Some children with bronchiolitis respond to asthma-type medicines, but most do not.  In addition, you can give your child acetaminophen every 4 to 6 hours or ibuprofen every 6 to 8 hours if the fever is over 102°F (39°C).

2. Warm fluids for coughing spasms
Coughing spasms are often caused by sticky secretions in the back of the throat. Warm liquids usually relax the airway and loosen the secretions. Offer warm apple juice if your child is over 4 months old.  In addition, breathing warm moist air helps to loosen up the sticky mucus that may be choking your child. You can fill a humidifier with warm water and have your child breathe in the warm mist it produces. Avoid steam vaporizers because they can cause burns.

3. Humidity
Dry air tends to make coughs worse. Use a humidifier in your child’s bedroom. The new ultrasonic humidifiers are very quiet and they kill molds and most bacteria that might be in the water.  If possible, use distilled water instead of tap water in the humidifier.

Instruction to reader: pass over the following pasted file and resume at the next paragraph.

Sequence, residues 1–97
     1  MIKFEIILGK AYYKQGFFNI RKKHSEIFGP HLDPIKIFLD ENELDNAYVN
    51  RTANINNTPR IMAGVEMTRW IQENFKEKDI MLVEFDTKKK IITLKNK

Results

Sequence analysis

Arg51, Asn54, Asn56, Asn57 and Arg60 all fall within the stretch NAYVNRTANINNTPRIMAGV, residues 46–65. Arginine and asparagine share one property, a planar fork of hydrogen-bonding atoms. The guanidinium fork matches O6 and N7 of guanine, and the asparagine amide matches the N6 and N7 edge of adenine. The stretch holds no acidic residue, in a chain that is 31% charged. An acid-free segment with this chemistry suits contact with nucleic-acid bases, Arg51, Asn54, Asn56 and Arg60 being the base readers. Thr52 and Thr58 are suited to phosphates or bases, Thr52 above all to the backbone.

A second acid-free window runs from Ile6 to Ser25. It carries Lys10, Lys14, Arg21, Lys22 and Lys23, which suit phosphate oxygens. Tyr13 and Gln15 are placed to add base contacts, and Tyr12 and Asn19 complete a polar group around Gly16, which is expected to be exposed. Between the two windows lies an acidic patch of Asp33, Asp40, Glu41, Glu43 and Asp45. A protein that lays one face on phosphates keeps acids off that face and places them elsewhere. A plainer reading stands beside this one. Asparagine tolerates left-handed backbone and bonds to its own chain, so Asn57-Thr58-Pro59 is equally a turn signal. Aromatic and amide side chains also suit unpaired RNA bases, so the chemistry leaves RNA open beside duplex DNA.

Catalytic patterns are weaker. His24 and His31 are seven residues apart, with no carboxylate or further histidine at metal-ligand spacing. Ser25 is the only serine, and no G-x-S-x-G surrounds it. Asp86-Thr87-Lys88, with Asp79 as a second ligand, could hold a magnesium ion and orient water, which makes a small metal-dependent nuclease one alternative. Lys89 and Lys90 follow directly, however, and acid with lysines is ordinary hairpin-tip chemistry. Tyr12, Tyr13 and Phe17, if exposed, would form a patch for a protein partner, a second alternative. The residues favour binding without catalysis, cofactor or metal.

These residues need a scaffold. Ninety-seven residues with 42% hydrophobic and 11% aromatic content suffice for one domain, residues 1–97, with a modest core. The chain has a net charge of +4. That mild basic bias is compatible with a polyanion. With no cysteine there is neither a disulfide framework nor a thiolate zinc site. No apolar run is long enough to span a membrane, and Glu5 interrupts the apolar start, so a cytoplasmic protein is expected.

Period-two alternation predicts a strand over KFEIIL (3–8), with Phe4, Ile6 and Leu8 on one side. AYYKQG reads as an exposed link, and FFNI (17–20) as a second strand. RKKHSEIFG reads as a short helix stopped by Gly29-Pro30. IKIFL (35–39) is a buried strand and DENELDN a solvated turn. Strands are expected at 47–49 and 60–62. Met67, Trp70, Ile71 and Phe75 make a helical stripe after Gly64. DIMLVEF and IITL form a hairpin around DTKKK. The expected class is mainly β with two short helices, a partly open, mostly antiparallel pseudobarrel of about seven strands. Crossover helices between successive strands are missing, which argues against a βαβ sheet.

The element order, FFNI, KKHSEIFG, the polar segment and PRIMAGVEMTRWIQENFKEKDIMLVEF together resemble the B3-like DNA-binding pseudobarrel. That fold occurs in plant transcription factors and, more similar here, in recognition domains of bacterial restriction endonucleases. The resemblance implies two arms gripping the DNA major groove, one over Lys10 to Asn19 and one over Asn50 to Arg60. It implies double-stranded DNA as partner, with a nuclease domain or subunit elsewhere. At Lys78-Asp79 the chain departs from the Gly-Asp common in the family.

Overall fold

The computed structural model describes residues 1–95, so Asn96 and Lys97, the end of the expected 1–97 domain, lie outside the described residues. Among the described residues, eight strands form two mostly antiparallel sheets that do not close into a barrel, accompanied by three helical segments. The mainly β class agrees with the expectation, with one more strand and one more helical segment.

4. Suction of a blocked nose
If the nose is blocked up, your child will not be able to drink from a bottle or to breast-feed. Most stuffy noses are blocked by dry or sticky mucus. Suction alone cannot remove dry secretions.  Warm tap-water or saline nose drops are better than any medicine you can buy for loosening up mucus. Place three drops of warm water or saline in each nostril. After about one minute, use a soft rubber suction bulb to suck out the mucus. You can repeat this procedure several times until your child’s breathing through the nose becomes quiet and easy.

5. Feedings
Encourage your child to drink enough fluids.  Eating is often tiring, so offer your child formula, breast milk, or regular milk (if he is over 1 year old) in smaller amounts at more frequent intervals. If your child vomits during a coughing spasm, feed him or her again.

6. No smoking
Tobacco smoke aggravates coughing. Children who have an RSV infection are much more likely to wheeze if they are exposed to tobacco smoke. Don’t let anyone smoke around your child. In fact, try not to let anybody smoke inside your home.

Call Us Immediately If:

  • Breathing becomes labored or difficult.
  • The wheezing becomes severe (tight).
  • Breathing becomes faster than 60 breaths per minute (when your child is not crying).

Call us within 24 Hours If:

  • Any fever lasts more than 3 days.
  • The cough lasts more than 3 weeks.
  • Your child is not urinating at least once every 6-8 hours
  • A fever returns after resolving for 48 hours.

Norovirus Cases Increasing